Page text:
Will a Skills Shortage Threaten the Future of Big Data?

IBA Group
Mark Hillary

As the economy develops, old jobs vanish and new ones are created. This process has always taken place as technology creates new needs and old skills are replaced. Just consider how important the blacksmith used to be before cars were commonly used and if someone described themselves as a blogger or flash developer in 1985 it would have made no sense – times change.

Big Data is another of these major changes. Not just in the sense that we are becoming able to analyse larger sets of data thanks to the technology becoming faster and more powerful – especially with more memory being available, but because the ability to do this work is now a skill itself. Understanding Big Data and being able to manipulate and analyse large sets of data is a popular skill to be exploring now as every analyst predicts that Big Data use is set to explode in the coming years.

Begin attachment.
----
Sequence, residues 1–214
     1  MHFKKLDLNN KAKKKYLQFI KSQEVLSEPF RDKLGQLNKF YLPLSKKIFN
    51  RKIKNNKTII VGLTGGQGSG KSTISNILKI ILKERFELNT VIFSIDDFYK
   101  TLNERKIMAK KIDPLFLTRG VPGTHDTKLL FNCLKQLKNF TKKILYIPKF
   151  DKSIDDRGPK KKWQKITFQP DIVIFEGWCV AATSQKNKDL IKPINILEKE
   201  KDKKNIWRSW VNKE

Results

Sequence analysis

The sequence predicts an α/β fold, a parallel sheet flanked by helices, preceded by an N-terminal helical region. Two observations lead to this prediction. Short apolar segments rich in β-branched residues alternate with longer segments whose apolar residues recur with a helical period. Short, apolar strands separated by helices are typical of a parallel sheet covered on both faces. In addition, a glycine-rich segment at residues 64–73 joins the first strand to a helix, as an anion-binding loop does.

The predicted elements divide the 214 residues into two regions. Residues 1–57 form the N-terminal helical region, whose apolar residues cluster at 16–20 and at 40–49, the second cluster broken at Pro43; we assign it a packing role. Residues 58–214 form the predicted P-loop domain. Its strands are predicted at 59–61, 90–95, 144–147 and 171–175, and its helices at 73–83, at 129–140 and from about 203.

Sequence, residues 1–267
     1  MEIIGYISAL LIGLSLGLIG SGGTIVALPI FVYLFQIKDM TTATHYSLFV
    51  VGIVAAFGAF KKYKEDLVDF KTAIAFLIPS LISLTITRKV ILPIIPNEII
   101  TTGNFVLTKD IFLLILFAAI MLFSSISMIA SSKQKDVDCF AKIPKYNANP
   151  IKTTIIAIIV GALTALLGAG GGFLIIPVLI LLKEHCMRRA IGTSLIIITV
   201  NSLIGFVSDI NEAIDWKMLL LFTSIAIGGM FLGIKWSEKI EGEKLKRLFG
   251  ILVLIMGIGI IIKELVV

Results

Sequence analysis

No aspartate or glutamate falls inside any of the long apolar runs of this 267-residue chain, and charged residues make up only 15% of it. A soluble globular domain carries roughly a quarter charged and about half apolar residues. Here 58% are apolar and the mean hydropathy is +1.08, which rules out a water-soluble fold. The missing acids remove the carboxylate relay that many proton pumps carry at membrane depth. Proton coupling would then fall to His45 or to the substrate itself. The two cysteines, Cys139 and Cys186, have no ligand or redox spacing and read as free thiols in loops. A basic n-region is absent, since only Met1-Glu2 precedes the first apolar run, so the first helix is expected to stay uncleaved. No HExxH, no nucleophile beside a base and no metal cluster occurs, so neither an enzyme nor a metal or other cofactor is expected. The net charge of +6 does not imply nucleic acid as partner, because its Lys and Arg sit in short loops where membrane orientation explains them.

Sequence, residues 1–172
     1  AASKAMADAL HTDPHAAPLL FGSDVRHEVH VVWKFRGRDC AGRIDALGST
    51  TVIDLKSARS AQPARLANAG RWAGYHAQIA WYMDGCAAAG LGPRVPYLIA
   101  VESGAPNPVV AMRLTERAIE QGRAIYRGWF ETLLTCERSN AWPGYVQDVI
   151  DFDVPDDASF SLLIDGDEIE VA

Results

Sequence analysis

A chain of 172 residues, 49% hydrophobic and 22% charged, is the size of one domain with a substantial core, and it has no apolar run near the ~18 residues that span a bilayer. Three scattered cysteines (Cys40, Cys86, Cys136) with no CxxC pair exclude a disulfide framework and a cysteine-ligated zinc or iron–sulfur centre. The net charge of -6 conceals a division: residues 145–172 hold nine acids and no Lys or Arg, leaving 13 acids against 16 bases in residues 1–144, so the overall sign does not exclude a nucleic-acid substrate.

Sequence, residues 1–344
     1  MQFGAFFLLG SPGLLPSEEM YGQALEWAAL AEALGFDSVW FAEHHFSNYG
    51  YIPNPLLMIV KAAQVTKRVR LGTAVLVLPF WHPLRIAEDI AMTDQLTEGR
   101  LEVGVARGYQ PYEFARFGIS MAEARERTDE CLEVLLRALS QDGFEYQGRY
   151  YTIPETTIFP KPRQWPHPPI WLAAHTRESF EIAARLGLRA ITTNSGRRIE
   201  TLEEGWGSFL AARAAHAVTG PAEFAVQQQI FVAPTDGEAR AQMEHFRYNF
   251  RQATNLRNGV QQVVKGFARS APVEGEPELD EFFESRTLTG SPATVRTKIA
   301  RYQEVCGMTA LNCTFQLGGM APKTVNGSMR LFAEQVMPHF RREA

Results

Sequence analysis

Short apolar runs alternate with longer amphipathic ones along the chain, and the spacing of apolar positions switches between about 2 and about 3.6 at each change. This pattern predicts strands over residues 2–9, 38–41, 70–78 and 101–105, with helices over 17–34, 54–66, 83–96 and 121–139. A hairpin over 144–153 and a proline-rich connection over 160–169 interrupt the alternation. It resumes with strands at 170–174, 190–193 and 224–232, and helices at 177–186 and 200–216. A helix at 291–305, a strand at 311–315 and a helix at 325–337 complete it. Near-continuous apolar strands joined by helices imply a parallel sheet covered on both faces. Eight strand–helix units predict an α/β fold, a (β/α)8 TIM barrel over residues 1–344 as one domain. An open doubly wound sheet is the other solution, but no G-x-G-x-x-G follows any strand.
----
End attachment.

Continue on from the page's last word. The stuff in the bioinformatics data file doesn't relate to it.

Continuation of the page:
The analyst firm IDC wrote a study in 2012 that predicted the amount of data available to analyse would increase 50 times by 2020. This prediction remains true – if anything it may be even more by 2020 as new applications that create data are launched all the time – from smart watches to other wearable technologies.

All this has led to a fear that there will not be enough people available to work on Big Data projects. McKinsey believes that the US will need almost 200,000 new data scientists by 2018 and the British Royal Academy of Engineering has predicted a need for 1.25 million graduates in science and technology subjects by 2020.

A recent column in the British ‘Daily Telegraph’ claimed that this shortfall in data scientists might even be a threat to the future of business. But what all these concerns in the UK and US often fail to acknowledge is that there are many other countries with an abundance of data scientists.
Offshore outsourcing has been long proven as a strategy for software development and other IT requirements. It will be exactly the same once data science becomes a mainstream part of every business. And companies like IBA Group are already doing it today.

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